Naked painting hits record sales
A PAINTING of a naked jobcentre supervisor has sold for a record £17.2million.
It is the largest ever amount paid for a piece of work by an artist who is still alive.
The life-size painting called Benefits Supervisor Sleeping, by German artist Lucian Freud hit the world auction record when it sold at Christie’s today.
The masterpiece was sold by a private European collector in a sale at New York’s Rockefeller Centre.
The previous world auction record for a work by a living artist was by Jeff Koons’ Hanging Heart, which fetched $23.5m (£11.3m) last year.
The 1995 Freud painting is of London benefits supervisor Sue Tilley, now 51, sleeping on a dilapidated sofa.
Ms Tilley, now a Jobcentre manager, said: “I’m thrilled. I still can’t believe such a bizarre thing has happened to me. It hasn’t sunk in properly.”
It was the first time Freud’s Benefits Supervisor Sleeping, which was the highlight of Christie’s New York Post-War and Contemporary Art Evening Sale, had appeared at auction.
The 85-year-old British artist first painted “Big Sue” in Evening In The Studio (1993), for which Ms Tilley had to lie in an uncomfortable pose on a bare floor.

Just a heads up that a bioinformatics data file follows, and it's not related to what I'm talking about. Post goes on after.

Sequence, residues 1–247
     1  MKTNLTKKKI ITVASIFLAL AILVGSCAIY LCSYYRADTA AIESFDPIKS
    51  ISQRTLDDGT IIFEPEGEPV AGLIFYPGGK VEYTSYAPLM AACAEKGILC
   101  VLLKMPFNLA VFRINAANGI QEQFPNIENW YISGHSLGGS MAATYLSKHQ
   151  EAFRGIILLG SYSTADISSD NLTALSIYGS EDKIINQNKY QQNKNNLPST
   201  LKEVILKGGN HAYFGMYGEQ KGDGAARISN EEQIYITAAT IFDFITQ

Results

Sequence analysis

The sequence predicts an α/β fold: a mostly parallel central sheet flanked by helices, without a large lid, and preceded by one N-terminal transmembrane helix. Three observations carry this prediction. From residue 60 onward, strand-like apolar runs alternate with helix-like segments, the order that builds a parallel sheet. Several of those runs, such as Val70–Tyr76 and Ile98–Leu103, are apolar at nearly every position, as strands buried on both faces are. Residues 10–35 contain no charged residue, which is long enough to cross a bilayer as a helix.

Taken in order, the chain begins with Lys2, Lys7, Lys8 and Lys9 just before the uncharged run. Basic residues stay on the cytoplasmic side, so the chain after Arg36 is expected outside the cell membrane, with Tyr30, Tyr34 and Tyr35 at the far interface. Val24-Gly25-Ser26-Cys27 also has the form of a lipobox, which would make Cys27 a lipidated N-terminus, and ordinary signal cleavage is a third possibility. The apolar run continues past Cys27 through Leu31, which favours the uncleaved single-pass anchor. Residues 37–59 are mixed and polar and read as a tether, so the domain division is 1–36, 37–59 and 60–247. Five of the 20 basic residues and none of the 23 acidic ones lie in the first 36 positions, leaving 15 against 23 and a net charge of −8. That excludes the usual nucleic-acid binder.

Freud then bought the ragged sofa depicted in the 1995 painting for Ms Tilley – who was introduced to Freud by Australian performance artist Leigh Bowery – to lie on.
Ms Tilley, who posed for Freud for four years in the early 1990s, has said in the past of being his muse: “I think he probably picked me because he got value for money. He got a lot of flesh.”
A Christie’s spokesman said: “This picture is a simple and seemingly uncomposed depiction of one of the key features of Freud’s art – the forceful and undeniable physical presence of people and things.”
Before last night’s sale in New York, the auction record for a Freud painting was $19.3m (£9.3m) set in November 2007 for IB And Her Husband (1992).
The masterpiece, titled Big Sue, by British artist Lucian Freud, 85, is tipped to fetch £18million at the sale in New York.
London benefits supervisor Sue Tilley, now 51, who posed for the picture in 1995, said: “I think he picked me because he got value for money. He got a lot of flesh!”
While Sue might not be a typical oil painting, the picture will be the most expensive piece of work by a living artist.
It is on view at Christie’s in London from today.